“Robin’s Reckoning Part Two”
Written by Randy Rogel
Directed by Dick Sebast
Last week we looked at “Robin’s Reckoning Part One” which featured the animated series origin of Robin. The direction of the Batman: The Animated Series episode by Dick Sebast is another example of storytelling at its finest. Animation too. There have been many enthusiastic fans of the Batman who’ve never enjoyed the addition of The Boy Wonder. Maybe due to the campy 60’s television series or subsequent portrayals in early comic books, but it would seem that the life of Dick Grayson has been as plagued with as many haters as Will Wheaton’s Wesley Crusher on Star Trek: The Next Generation. The early 90’s saw a turning point for this character, especially with 1995’s Batman Forever. Say what you will about the film’s portrayal of Robin, as played by Chris O’ Donnell, but the movie did remain close to “Robin’s Reckoning” Part One and Two.
“Robin’s Reckoning” Part Two opens with another flashback to an early moment in Bruce Wayne and Dick Grayson’s life together before becoming The Dynamic Duo. Bruce is teaching the young master Grayson how to fence and teaches him that stronger skills are about “finesse, not strength.” In many ways, Dick Grayson has still not fully honed his skills as a young vigilante and partner to Batman as he’s hot headed, brash, and filled with anger. For those that remember Batman Forever as fondly as I do, “Robin’s Reckoning” would air quite frequently to promote the big-screen relationship of the famous comic-book pair. The way Chris O’ Donnell’s Robin is presented is very similar to the Robin of Batman: The Animated Series.
There are many qualities that make “Robin’s Reckoning” Part One and Two such a standout in a remarkable series. Part Two, much like Part One, deals with darker themes and subject matter that animated series at this time just wouldn’t explore. “The Underdwellers” is an interesting episode as it deals with child slavery. “Robin’s Reckoning” speaks about the loss of parents, death, anger, and we also get one of the first sly moments in the series by way of clever writing and animation. Many that fondly remember Batman: The Animated Series and are just discovering it now will tell you that several episodes dealt with subject matter that would easily go unnoticed by a younger viewer. There’s a place in “Robin’s Reckoning” Part Two that finds the young Dick Grayson walking the streets to find Tony Zucco, the man who killed his parents. He walks into an alleyway where he finds a pimp intimidating and shaking down a prostitute. It’s heavily implied that the Bettie Page looking woman is a prostitute and while it’s passable in the eyes of a child, for an adult, it only serves as a reminder of the greater adult nature and approach to Batman at this time. “Robin’s Reckoning” Part One and Two hold up remarkably well as do the majority of episodes in the series.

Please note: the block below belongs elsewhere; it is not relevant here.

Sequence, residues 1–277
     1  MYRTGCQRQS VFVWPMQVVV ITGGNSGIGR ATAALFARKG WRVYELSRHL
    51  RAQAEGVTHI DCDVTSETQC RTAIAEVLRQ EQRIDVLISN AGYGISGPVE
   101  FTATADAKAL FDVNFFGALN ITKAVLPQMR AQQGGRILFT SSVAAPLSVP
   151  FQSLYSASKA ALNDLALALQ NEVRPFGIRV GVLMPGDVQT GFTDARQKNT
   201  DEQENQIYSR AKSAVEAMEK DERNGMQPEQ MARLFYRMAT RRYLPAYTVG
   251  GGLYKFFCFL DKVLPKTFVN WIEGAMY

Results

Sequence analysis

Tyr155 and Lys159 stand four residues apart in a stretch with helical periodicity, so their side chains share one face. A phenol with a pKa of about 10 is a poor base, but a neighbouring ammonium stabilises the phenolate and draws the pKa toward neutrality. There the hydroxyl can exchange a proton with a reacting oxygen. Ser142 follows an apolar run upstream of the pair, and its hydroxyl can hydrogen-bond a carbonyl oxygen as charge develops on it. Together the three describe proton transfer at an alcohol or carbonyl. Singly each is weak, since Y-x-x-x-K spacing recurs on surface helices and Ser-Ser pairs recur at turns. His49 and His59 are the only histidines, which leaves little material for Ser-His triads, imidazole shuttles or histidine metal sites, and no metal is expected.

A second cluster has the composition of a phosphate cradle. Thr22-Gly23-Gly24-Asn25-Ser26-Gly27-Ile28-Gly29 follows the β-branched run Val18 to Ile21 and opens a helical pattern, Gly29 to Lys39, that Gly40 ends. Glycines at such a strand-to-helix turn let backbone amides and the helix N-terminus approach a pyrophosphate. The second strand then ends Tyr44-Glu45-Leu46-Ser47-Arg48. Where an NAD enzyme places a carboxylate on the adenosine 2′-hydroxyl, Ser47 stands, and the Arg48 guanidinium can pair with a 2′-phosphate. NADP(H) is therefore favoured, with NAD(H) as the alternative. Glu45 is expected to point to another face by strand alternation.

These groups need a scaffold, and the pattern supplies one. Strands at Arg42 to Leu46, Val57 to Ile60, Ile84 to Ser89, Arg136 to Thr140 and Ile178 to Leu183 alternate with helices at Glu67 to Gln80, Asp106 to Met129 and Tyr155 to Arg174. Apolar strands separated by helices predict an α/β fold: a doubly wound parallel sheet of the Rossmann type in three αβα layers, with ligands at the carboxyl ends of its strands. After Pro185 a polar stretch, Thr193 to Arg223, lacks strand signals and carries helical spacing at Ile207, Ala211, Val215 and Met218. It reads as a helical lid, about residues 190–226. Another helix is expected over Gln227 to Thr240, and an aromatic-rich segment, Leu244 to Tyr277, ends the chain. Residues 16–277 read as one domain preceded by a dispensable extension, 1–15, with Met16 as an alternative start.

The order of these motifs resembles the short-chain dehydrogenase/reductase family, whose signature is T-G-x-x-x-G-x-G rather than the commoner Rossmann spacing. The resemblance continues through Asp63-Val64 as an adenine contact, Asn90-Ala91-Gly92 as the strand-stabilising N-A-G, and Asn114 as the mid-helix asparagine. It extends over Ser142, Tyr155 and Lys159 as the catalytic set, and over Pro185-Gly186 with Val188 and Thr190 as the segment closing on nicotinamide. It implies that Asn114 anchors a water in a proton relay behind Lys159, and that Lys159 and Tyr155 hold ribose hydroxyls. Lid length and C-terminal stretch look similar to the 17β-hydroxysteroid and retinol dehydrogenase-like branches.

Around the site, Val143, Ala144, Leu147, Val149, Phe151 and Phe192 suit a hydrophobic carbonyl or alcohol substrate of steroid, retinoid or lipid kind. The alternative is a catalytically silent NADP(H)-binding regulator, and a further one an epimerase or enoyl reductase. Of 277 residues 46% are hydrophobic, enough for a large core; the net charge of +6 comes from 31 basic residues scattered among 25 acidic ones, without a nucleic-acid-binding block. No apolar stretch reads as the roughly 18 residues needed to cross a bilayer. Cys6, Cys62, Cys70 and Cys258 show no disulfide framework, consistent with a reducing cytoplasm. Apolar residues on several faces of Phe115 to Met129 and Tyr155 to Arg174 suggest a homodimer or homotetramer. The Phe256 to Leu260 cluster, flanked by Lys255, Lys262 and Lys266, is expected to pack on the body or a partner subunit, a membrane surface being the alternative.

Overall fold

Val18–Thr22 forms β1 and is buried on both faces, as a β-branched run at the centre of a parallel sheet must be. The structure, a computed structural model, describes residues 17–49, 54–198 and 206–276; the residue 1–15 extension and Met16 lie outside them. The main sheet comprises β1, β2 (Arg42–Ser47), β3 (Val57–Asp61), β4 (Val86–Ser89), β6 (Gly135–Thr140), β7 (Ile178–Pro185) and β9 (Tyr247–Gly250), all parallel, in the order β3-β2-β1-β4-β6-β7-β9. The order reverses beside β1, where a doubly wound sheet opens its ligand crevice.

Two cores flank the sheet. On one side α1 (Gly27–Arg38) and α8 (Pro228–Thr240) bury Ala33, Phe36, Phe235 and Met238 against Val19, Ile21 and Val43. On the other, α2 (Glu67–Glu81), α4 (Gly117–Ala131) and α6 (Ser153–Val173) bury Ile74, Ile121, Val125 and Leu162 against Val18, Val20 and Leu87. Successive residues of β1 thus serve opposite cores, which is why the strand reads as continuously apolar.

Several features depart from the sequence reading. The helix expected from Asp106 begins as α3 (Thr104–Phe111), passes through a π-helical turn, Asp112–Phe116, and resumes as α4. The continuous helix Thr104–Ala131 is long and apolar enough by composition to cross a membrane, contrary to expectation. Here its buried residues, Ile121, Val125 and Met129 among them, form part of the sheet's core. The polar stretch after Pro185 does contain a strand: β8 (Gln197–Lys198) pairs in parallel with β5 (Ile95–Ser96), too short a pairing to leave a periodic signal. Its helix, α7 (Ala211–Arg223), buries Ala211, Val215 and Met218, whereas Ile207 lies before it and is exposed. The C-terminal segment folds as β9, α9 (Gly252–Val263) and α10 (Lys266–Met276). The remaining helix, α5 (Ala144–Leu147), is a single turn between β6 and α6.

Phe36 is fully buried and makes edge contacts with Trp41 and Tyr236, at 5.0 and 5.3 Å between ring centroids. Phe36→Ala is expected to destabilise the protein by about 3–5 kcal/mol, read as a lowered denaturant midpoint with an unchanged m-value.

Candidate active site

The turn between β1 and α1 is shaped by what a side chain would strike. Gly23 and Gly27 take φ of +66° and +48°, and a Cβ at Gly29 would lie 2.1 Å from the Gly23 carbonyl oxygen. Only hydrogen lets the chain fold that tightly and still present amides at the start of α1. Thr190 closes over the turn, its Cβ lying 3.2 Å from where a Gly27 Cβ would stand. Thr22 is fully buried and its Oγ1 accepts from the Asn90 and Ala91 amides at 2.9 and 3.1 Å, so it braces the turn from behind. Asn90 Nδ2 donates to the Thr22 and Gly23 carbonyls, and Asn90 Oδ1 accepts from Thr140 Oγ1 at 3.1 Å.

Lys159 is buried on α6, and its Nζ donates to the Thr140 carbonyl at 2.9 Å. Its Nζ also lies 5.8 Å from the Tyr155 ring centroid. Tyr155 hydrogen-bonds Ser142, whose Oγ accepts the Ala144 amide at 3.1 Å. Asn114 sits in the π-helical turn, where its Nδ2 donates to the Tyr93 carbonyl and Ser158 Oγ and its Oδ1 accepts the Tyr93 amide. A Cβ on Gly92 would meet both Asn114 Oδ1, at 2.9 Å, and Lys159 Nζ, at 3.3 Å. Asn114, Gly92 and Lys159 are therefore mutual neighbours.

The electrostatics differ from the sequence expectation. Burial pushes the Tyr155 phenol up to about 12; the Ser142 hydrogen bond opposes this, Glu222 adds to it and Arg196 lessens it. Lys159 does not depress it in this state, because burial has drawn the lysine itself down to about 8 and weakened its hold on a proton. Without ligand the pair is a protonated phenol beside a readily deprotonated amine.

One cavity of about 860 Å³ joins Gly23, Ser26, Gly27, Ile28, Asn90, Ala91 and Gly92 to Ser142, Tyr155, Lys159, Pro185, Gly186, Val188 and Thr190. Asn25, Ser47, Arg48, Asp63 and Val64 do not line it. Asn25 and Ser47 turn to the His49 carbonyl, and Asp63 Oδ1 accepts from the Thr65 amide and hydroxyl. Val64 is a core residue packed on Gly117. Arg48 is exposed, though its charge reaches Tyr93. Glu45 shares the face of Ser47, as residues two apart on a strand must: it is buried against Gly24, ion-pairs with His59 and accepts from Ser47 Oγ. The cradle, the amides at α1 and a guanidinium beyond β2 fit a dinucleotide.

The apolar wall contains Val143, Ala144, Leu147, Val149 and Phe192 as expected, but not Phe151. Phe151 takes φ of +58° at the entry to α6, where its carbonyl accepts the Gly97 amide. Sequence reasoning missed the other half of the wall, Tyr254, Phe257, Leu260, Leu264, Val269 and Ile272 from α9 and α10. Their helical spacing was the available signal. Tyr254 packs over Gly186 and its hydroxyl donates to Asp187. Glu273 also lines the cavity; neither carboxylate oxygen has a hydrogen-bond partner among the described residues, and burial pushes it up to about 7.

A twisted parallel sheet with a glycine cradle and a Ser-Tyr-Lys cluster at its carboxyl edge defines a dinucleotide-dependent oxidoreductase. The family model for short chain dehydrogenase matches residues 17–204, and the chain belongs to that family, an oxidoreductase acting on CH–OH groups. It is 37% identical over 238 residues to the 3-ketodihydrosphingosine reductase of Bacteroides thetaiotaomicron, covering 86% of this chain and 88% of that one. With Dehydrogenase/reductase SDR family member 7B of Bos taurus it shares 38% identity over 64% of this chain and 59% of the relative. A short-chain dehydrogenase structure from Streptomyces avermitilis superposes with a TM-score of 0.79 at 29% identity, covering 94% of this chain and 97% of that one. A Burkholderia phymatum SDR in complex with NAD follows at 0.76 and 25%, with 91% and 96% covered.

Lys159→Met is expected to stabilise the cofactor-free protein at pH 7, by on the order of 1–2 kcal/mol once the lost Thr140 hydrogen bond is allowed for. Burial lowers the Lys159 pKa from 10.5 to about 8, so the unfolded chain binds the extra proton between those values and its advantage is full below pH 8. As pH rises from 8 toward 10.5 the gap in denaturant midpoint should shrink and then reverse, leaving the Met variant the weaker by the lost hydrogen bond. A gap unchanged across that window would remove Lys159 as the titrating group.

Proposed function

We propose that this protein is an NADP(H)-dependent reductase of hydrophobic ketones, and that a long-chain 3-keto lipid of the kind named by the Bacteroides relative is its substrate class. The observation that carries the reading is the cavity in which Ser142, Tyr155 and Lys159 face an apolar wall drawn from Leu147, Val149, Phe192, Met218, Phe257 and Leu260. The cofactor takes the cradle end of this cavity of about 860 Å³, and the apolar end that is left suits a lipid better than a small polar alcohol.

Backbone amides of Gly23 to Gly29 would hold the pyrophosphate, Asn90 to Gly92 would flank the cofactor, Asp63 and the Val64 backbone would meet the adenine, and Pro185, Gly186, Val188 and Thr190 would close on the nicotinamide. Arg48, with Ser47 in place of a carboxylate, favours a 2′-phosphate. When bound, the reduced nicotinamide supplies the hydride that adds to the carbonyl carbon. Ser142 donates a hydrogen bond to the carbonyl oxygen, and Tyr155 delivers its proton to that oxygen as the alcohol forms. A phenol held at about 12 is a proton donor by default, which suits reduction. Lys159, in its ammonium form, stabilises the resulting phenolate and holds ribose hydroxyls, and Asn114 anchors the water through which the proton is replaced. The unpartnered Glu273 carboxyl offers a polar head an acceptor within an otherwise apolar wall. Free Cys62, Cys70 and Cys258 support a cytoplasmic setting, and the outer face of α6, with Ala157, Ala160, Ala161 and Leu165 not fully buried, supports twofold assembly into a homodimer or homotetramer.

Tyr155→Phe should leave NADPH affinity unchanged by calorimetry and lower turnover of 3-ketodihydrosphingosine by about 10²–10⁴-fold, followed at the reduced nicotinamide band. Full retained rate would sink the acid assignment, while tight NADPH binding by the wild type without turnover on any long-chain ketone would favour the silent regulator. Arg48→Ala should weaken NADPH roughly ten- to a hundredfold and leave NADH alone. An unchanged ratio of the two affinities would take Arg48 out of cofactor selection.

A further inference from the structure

The journey of Dick Grayson becoming Robin takes place over nine years. It’s very similar to the amount of time Bruce Wayne had disappeared from Gotham City. During “Robin’s Reckoning” Part One, Dick Grayson asks Bruce “does the hurt ever go away?” and it’s a significant moment for both of them as we understand their connection and need for one another.
I’ve never found Robin to be a problem, but I’ve often enjoyed Batman as a more solitary character. With that said, both “Robin’s Reckoning” episodes were fantastically done and have given greater depth to Dick Grayson/Robin.
Now we are aware that Robin does exist within the framework of the DCEU going forward with Batman v. Superman: Dawn of Justice, and that he’s died at the hands of The Joker (Jared Leto). We’ve all read the rumors regarding Robin and have seen the trailer. Which Robin do you think appears in Batman v. Superman? Dick Grayson? Tim Drake? Let us know what you think in the comments below.
Stay tuned for more Batman: The Animated Series.